Perl's @foo[3,7,1,-1] ?

J. Cliff Dyer jcd at
Mon Jun 15 11:05:59 EDT 2009

On Sun, 2009-06-14 at 23:01 +1000, Steven D'Aprano wrote:
> Write a helper function:
> def getitems(L, *indexes):
>     if len(indexes) == 1:
>         indexes = indexes[0]
>     return [L[i] for i in indexes]

Whoops!  Your example is broken:

>>> cars = ['Ford', 'Toyota', 'Edsel']
>>> getitems(cars, 1)
Traceback (most recent call last):
  File "<stdin>", line 1, in <module>
  File "<stdin>", line 4, in getitems
TypeError: 'int' object is not iterable

I think you meant to apply that [0] to the created list instead.
Something like:

def getitems(L, *indexes):
    new_list = [L[i] for i in indexes]
    if len(indexes) == 1:
        new_list = new_list[0]
    return new_list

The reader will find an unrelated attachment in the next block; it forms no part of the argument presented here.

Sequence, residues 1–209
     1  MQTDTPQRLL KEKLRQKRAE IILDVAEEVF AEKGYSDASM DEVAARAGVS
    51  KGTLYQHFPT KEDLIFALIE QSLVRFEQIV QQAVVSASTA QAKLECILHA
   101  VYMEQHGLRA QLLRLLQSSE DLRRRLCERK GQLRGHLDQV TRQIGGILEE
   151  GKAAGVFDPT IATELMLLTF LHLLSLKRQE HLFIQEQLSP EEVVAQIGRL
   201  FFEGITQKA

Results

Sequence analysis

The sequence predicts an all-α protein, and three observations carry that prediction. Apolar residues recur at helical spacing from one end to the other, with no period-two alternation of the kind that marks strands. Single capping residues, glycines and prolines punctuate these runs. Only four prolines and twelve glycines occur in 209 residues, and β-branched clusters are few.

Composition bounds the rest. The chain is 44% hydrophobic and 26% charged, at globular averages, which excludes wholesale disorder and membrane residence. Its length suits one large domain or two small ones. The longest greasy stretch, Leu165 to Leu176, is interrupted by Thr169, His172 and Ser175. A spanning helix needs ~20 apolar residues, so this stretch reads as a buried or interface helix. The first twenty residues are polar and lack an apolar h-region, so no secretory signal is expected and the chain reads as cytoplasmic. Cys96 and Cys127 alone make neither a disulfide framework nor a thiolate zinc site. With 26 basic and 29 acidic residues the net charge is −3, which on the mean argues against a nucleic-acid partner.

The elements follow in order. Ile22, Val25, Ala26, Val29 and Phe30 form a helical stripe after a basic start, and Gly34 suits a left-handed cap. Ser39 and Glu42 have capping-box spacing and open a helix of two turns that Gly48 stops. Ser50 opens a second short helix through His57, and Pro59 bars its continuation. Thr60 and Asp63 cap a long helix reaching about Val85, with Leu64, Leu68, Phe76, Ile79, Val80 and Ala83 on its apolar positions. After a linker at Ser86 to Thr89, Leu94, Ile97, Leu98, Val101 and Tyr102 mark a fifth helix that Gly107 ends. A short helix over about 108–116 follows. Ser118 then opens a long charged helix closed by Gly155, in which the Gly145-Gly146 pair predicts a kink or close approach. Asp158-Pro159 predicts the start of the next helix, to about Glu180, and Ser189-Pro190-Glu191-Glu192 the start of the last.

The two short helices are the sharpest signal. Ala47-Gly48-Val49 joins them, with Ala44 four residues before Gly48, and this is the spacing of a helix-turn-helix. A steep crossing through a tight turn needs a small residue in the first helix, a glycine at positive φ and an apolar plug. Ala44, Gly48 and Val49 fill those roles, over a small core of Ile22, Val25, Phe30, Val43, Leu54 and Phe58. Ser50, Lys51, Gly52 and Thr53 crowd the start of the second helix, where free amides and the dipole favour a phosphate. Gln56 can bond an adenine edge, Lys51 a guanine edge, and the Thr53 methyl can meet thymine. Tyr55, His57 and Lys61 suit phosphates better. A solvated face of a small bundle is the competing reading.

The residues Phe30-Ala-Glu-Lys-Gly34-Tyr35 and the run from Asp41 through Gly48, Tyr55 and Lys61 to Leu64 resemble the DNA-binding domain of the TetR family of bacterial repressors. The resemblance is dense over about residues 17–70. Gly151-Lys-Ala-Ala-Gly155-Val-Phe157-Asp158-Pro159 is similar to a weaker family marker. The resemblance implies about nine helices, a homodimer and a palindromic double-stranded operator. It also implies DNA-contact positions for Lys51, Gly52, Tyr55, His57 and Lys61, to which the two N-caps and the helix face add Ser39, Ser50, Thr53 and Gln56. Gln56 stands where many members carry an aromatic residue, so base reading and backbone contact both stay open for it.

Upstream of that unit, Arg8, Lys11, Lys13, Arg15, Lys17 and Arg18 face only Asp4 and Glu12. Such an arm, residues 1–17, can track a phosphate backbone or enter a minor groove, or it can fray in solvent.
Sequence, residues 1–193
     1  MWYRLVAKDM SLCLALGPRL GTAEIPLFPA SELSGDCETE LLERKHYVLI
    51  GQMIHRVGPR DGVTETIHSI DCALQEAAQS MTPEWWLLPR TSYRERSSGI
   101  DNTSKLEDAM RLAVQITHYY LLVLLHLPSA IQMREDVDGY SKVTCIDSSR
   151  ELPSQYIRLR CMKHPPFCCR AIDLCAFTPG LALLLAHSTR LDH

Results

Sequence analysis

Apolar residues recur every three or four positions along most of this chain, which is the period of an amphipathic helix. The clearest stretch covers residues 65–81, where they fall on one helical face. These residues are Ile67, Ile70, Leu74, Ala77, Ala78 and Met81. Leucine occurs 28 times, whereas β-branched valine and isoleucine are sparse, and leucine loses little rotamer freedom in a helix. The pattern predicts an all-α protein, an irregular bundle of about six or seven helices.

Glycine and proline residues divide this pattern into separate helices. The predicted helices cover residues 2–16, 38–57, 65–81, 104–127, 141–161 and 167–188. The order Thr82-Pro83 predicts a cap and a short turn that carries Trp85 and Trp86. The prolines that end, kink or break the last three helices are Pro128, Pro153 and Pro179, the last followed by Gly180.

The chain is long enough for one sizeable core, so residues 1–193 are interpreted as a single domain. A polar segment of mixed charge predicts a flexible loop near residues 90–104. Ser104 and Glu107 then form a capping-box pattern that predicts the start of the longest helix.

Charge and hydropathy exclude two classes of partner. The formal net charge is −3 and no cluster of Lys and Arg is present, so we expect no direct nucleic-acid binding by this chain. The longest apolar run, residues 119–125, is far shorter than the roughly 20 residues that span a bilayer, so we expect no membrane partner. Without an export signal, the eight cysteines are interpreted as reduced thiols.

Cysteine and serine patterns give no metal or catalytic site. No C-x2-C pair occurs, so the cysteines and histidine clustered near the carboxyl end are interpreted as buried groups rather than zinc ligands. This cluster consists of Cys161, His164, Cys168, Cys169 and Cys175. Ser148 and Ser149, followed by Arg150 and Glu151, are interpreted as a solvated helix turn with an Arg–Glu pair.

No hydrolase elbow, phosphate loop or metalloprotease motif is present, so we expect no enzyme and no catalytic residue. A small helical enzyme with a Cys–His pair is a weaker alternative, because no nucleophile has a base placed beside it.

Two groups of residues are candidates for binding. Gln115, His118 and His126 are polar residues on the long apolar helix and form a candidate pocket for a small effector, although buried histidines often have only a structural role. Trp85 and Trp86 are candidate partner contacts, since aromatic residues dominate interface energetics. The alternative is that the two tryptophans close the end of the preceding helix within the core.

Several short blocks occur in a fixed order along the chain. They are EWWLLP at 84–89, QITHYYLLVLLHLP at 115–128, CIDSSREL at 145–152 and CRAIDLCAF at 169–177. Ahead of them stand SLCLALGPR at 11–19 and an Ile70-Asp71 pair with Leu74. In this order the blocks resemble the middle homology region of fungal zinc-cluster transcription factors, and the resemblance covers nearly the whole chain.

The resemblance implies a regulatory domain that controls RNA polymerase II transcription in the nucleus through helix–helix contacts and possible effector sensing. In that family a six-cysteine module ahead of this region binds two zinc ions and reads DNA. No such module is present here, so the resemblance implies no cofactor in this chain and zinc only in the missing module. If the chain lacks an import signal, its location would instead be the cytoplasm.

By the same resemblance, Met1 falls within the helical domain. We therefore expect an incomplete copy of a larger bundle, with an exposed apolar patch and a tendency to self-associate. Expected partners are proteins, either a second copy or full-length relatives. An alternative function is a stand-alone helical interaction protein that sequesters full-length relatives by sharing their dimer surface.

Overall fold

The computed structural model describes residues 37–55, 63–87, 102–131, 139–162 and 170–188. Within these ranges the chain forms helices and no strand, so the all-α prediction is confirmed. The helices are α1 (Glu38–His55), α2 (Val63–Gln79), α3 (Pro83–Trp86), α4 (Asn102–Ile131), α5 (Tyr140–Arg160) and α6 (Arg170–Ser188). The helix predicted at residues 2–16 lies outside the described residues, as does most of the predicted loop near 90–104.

But I'm not sure that would be the best idea anyway.  Just let getitems
always return a list.  That way the caller doesn't have to test the
length to figure out what to do with it.  If you know you want a single
item, you can use regular old .__getitem__ (or .get) methods, or direct

Then getitems can just be:

def getitems(L, *indexes):
    return [L[i] for i in indexes]

> But I think this is an obvious enough extension to the __getitem__ protocol
> that I for one would vote +1 on it being added to Python sequence objects
> (lists, tuples, strings).

I'd be +0.  It won't change my life, but it seems like a decent idea.

> -- 
> Steven


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